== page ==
In our daily jobs, we are in contact with hundreds of different manufacturing processes.
We don’t always have time to observe the process and use tools such as flow charts, FMEAs, and so on.
If that’s the case, how do we keep control more easily?
An easy equation for controlling process inputs & parameters
A good trick that I use is to draw an equation that follows this model:
GOOD OUTPUT = GOOD INPUTS x GOOD PROCESS PARAMETERS
Let’s look at the 3 parts of this equation, one by one.
- GOOD OUTPUT – you need to list what characteristics of the final product are really important. They need to be measurable.
- GOOD INPUTS – what does the process need, to be able to run? Labor, components, raw materials, and so on and so forth.
- GOOD PROCESS PARAMETERS – how should the process behave?
Using the equation to make a good cup of coffee!
Let’s take a simple equation. How to make a good cup of coffee?
OUTPUT (right amount of coffee with right taste at right temperature) = INPUTS (water + coffee powder + milk + sugar) x PROCESS PARAMETERS (temperature the water is warmed up to; type of filtering; drip speed; amounts of each input).
Based on this, what needs to be kept under control? As much as is practical, the quality of all inputs and the parameters’ values.
Examples of real manufacturing processes using this equation
Let’s take a few examples of real manufacturing processes:
1. Keeping an electroplating process under control
This is a chemical process. Like paint or anodizing, statistical process control is a must in order to avoid cases when an entire batch has to be reworked.
OUTPUT: nice appearance, thickness within tolerance, strong adhesion; no excess consumption of chemicals & electrical power; compliance with local regulation
INPUTS: well-cleaned metal parts (in baths with the right amount of the right chemicals, for the right duration and in right sequence) + good bath solution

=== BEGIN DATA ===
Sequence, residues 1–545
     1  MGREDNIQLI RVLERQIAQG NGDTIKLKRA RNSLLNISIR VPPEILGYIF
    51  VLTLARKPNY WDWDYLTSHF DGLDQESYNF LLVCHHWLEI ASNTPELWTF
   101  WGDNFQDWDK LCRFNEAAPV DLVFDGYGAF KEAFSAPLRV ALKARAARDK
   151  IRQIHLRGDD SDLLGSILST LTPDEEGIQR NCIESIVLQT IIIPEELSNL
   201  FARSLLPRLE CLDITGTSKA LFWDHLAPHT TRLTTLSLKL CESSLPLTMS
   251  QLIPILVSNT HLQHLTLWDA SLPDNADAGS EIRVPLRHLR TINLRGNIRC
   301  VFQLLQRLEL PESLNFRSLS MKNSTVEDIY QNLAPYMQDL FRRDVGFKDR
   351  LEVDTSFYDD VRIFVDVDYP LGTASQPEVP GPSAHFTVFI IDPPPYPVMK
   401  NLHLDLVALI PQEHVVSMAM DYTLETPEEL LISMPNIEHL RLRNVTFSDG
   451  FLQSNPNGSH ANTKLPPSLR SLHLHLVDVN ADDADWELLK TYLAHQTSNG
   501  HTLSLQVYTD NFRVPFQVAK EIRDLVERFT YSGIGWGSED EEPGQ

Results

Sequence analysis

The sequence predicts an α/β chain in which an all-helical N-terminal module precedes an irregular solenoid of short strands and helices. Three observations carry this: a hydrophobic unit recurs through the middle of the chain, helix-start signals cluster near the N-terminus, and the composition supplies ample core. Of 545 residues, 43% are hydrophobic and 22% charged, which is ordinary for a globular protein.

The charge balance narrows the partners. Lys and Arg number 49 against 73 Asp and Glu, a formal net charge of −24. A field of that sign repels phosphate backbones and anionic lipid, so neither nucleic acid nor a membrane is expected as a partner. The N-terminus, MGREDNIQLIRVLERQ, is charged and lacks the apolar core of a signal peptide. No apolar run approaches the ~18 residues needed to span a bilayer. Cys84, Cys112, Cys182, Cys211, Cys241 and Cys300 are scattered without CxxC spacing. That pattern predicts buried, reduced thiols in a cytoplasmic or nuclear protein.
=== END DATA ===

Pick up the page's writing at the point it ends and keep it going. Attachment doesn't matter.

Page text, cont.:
PARAMETERS: good position of parts (no nesting, take part geometry into account, etc.) and of anodes & cathodes + the right current to be stable for the right duration + treatment of waste before release
Note: compliance with local regulations has gotten very important, as plating can be a very polluting process and many plating factories have been shut down in China in 2017 and 2018. And the cheapest way to reduce water emissions… is to avoid having to rework non-conforming batches!
2. Keeping the fabric cutting process (for garment production) under control
OUTPUT: pieces of the right fabric cut in the right dimension and as specified (e.g. at a certain angle based on the grain line); no excess waste of fabric
INPUTS: the right fabric in the right quantity
PARAMETERS: the way and the duration for which the fabric is laid flat before cutting; the way it is cut (e.g. all-automated, or manually with a fixed vertical knife) and the associated precision; the sharpness of the knife; the skill of the cutter(s); and so on.
What matters can vary widely:
- In case the cutting is all-automated, preventive maintenance, as well as good management of the different cutting and programs, is very important.
- In case it is highly manual, the procedure followed as well as the operators’ skills make all the difference.
- And, of course, the fabric needs to be up to spec, and count very few defects, in all cases!
Do you use a similar equation to get a good output, or find mine useful? Let me know by leaving a comment below!
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